Friday, June 22, 2012


"The only real failure in life is one not learned from."
Anthony J. D'Angelo

This morning, I set out to do 15 miles. I could barely run 10 before I had to stop. I was spent, I was done, and for a little while, I was pissed at myself for not being able to do what I had done two weeks prior.

Then I gave it some thought as I was walking back home. No, I don't consider this run a failure, it was honestly what I needed because I learned from it. Lessons that will help me be a better runner in the future. I need to hydrate more during the summer, I need to eat more to have energy for the run, I should not jump into a long run after being sick all week, and I need to not have a water-bottle belt that cuts up my lower back. Four...okay, three solid lessons learned from this run. Definitely not a failure.

So many people are discouraged and quit when they don't succeed in something. How do you know what true success feels like if you don't fall on your way to get there?  You get back up, you learn, and then you continue on - more knowledgeable than before. Fall, learn, repeat. It's like shampoo directions for achieving your goals.

This goes beyond diet and exercise based goals, too. Financially, professionally, and hell, even romantically. Something doesn't work to get you to your goal - whether it be paying off debt, climbing the corporate ladder, or finding that special someone - learn from the experience and drive on. I can tell you right now, that if I hadn't dated who I have in the past, I'd have no idea what I'm looking for in a partner, how to be a good partner in return, or have this killer ab routine that I use (lessons come in all different forms, hah)!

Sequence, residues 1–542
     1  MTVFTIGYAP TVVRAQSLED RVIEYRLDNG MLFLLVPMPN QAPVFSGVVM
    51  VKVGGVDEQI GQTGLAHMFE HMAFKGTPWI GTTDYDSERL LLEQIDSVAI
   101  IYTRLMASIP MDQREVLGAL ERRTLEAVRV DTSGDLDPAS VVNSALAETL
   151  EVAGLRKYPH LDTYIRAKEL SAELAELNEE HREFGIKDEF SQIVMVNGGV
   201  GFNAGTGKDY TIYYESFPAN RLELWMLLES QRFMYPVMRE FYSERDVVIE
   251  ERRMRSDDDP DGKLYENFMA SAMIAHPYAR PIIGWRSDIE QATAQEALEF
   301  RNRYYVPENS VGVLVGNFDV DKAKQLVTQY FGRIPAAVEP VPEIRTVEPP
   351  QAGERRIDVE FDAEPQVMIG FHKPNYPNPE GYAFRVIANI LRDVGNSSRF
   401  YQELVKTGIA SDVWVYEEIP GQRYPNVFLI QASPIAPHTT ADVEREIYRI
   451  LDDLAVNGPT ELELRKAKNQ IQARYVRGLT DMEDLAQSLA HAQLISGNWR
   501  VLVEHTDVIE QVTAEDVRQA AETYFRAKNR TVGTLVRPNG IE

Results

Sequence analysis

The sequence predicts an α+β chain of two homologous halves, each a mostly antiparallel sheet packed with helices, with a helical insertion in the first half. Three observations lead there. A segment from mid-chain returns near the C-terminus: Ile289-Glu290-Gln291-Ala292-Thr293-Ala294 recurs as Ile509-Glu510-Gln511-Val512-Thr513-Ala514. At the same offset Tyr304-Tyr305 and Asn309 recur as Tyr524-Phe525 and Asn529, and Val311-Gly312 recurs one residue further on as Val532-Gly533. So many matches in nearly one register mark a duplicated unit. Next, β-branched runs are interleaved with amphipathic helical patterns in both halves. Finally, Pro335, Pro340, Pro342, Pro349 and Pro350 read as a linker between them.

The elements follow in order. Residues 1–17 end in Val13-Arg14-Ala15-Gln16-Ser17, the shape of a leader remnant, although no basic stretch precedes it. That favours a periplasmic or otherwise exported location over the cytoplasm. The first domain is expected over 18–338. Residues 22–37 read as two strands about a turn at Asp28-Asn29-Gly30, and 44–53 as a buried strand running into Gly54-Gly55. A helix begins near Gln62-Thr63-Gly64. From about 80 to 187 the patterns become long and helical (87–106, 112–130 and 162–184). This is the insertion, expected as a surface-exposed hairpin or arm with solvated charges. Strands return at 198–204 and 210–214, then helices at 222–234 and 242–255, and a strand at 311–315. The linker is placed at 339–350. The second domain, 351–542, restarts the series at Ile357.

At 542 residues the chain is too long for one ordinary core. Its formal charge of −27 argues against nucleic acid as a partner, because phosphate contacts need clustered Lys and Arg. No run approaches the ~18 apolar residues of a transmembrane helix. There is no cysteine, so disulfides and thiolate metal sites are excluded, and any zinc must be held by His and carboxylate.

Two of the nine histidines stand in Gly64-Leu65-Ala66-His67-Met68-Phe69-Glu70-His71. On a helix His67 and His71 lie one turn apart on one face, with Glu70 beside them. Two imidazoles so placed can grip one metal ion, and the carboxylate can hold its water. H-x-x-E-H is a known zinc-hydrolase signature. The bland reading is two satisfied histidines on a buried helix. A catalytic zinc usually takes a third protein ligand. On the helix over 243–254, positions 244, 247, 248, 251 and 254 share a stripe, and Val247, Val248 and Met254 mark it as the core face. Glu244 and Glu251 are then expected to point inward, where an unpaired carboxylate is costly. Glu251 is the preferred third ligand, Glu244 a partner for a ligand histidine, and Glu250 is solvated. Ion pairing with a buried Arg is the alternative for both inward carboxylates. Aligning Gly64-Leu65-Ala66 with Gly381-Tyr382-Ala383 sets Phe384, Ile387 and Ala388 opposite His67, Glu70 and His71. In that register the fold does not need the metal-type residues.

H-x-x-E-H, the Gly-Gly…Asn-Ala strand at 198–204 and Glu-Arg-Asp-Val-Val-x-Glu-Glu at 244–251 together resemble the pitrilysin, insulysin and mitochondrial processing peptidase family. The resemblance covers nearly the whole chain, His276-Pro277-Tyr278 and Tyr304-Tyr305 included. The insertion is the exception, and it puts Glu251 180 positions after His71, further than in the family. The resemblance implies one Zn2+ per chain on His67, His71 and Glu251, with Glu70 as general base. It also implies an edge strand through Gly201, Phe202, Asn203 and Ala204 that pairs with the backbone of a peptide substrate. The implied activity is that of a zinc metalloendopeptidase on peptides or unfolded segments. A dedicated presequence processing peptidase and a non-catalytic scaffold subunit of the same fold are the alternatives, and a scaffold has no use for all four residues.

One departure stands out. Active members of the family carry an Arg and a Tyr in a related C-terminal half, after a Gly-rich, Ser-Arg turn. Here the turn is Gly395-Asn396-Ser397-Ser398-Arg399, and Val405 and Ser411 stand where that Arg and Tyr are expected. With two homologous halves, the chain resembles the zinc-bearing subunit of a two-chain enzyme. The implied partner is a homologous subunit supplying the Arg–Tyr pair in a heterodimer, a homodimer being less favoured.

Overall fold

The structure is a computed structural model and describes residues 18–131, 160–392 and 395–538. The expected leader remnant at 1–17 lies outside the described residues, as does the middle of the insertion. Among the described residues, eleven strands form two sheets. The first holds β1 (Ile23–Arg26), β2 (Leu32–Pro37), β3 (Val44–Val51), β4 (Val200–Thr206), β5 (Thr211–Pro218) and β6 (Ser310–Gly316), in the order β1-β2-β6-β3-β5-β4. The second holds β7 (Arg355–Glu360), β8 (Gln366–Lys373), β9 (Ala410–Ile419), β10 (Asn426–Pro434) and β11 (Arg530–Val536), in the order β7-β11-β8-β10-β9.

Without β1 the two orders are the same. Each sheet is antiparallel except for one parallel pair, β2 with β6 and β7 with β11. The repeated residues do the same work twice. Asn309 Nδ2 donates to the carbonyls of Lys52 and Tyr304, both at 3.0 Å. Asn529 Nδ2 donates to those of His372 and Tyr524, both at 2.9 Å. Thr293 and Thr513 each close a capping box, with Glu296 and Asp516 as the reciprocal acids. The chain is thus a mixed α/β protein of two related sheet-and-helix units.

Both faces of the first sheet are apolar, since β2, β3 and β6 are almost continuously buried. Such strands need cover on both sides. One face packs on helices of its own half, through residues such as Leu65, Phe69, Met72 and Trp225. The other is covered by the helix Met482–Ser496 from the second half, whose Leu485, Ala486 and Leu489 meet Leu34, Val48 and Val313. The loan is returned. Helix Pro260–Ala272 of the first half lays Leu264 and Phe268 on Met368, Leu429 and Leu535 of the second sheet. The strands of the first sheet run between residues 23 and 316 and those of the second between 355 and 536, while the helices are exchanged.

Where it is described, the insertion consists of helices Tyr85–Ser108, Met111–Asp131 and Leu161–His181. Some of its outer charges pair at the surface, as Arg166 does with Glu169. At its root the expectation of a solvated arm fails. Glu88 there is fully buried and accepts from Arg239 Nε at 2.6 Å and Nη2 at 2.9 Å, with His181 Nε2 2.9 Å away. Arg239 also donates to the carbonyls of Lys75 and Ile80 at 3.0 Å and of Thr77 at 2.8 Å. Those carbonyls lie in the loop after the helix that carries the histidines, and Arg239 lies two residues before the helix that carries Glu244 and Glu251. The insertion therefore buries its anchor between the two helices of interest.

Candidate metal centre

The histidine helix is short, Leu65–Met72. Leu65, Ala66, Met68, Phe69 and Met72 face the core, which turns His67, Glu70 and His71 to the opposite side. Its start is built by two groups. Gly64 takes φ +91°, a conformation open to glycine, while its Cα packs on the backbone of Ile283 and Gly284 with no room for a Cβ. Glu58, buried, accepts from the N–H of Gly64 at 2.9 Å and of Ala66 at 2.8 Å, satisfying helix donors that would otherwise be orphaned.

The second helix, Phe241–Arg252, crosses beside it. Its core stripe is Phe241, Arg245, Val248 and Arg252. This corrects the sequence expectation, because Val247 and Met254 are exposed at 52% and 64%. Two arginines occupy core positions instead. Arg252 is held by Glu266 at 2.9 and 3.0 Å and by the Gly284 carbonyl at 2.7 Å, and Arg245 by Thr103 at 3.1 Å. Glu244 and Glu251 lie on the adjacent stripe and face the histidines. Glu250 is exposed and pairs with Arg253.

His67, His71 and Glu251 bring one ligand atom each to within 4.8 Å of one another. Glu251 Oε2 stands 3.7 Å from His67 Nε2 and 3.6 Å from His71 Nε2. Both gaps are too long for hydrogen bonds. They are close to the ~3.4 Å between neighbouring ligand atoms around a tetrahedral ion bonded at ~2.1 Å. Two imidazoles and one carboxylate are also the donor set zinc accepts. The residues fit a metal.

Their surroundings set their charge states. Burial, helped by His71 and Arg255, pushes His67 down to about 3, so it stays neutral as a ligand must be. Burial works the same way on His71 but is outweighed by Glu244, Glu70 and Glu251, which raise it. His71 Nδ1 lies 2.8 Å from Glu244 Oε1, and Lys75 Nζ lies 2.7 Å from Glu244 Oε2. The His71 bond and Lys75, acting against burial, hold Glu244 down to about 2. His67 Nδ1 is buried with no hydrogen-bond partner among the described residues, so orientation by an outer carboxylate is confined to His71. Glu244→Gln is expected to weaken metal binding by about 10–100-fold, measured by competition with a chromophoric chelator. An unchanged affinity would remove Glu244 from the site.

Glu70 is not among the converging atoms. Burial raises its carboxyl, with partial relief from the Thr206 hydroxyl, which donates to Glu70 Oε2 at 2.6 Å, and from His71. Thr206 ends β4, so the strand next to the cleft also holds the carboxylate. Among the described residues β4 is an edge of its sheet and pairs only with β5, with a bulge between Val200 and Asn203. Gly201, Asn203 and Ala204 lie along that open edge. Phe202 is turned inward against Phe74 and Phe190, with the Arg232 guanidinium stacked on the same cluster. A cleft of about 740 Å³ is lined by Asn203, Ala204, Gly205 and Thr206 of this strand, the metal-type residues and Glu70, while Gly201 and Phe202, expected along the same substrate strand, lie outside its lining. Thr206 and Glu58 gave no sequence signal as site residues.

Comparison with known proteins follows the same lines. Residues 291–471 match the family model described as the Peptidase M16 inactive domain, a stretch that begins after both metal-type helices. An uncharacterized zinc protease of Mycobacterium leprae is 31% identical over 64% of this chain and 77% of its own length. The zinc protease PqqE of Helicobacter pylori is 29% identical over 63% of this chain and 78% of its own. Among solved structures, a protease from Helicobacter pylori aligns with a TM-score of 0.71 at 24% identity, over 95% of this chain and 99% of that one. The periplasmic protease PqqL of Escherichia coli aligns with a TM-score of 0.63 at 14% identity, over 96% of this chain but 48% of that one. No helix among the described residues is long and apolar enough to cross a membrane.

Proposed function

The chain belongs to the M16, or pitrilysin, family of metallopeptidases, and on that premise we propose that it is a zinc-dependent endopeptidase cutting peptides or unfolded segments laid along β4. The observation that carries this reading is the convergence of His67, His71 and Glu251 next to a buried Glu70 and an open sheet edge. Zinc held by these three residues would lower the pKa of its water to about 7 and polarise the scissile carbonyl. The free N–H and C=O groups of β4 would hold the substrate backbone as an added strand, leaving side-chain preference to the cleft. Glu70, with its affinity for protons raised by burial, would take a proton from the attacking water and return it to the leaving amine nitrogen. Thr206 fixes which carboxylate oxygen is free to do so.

With the lessons that I learned this morning, I will drive on and will be one - okay, three - steps closer to completely owning this marathon.

Every seemingly negative experience in life has a lesson in it. 

Are you willing to learn?

Thursday, June 14, 2012


 “The way to get started is to quit talking and begin doing.”
Walt Disney

I’m all for being Mr. Motivation and pushing people to achieve their goals. That’s exactly why I’m telling you to quit.

Quit your excuses.

Quit spending the entire evening on your couch.

Quit putting off getting that lift session or run in.

Quit being too lazy to prepare your food for the week, and on that note, quit going out to eat and ordering things that you know are bad for you.

Just quit.

At graduation, I finally hit the breaking point. I was guilty of all of the above. My bad decisions led to bad habits. My bad habits led me down a path that ended with me being fat, unconfident, and most importantly – unhappy. And then I quit. I stopped being the prisoner of my own bad choices. I had the strength, and more importantly - the fire, to stop being who I was in order to improve myself and make me into the person I am today.

There’s this big misconception that quitting – at least in the training world – is a bad thing. What if the thing you’re quitting is the thing that’s holding you back? Bad habits, rationalizations, limiting yourself. This is when it becomes a good thing, when you take steps closer to your goals. Stop saying “I need to get to the gym,” “I should have chicken and veggies for lunch,” “I’ll start tomorrow.” These are all passive statements. Start saying these: "am going," "will," "now." Active. Decisive. Powerful.